The Franchising Code of Conduct (the Code) now prescribes disputing parties to a Franchise Agreement undertake a mediation before commencing proceedings. The Office of Franchising Mediation Association (OFMA) is often engaged in administering such mediation processes, assigning qualified mediators to the dispute and providing information to franchisors and franchisees on precisely what the process will entail.
If you are party to a franchise agreement and have had your dispute set down for mediation, you should first undertake some important steps to maximise your chances of obtaining a favourable outcome.
1. Obtain Advice
It’s essential that you know your legal rights and obligations and any potential areas of risk so as to articulate your case on the day and undertake a commercial analysis of the situation.
2. Undertake a ‘Best Case/Worst Case’ Analysis
Sometimes, simply writing down the worst possible outcome, weighing up the remedy/damages sought against the potential loss of the franchise business and ancillary costs (such as legal) can be a real eye-opening experience. Doing so enables you to ask, “if everything goes against me, can I afford the consequences?” A franchise lawyer can assist you here, and should be able to provide invaluable advice on where you sit on the spectrum of best to worst case.
3. Review Your Documents
Many franchise disputes have turned on a few words within the Franchise Agreement, or contained in communications between the parties. Before attending the mediation, you should obtain copies and review all relevant documents, and order them in a way that is logical and best supports your case. It may also be helpful to provide the other party with any key documents or communications you are relying on before the mediation.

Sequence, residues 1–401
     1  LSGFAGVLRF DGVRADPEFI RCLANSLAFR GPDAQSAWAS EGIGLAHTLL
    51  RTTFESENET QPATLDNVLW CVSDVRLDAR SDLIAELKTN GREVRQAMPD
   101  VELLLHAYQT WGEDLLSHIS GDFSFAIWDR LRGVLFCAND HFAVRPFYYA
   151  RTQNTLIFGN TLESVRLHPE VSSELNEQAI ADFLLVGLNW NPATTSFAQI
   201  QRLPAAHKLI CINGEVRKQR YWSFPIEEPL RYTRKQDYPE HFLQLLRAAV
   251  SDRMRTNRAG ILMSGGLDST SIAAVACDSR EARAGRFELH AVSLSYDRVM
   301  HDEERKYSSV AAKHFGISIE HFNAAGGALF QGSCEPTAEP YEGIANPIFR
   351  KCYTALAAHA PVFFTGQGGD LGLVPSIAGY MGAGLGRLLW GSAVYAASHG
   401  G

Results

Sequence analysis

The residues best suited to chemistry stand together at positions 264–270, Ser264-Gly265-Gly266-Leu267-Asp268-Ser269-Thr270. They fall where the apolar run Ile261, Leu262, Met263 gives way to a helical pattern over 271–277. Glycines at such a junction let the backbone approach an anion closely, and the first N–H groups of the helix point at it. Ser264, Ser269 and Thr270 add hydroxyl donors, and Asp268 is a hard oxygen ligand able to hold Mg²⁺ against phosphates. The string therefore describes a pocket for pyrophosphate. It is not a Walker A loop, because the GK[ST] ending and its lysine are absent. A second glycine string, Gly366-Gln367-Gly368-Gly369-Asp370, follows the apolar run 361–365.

4. Articulate What You Want
It’s hard to negotiate an outcome when you don’t know what you want exactly. Before heading to the mediation, take a moment to note what orders or outcomes you would seek should the mediation fail and the matter proceed to court. While mediation, by its nature, involves an element of compromise, it’s helpful for each party to articulate what they want at the outset.
5. Make Sure the Right People Attend
If you operate, either as a franchisee or franchisor, through a corporate vehicle, including a trust or Pty. Ltd. company, you should ensure a person attends the mediation who is authorised to settle the matter on that company’s behalf. If you are an employee, you should make sure that before the mediation, you have authority to settle up to $X, or that a person with authority to make such decisions will be on hand and available via phone to consider proposed offers.
6. Be On Time
It should go without saying but on the day, you should dress professionally, be organised, and be on time. Switch your mobile phone off and unless the mediator expressed something contrary previously, you should set aside the entire day for the mediation.
Following these steps should assist you to maximise the prospects of a settlement, and ensure the day runs smoothly. After all that preparation, the mediation itself will occur. You can read about what happens at a franchise mediation in our next article. In the meantime, if you have any questions, get in touch with our franchise team on 1300 544 755.
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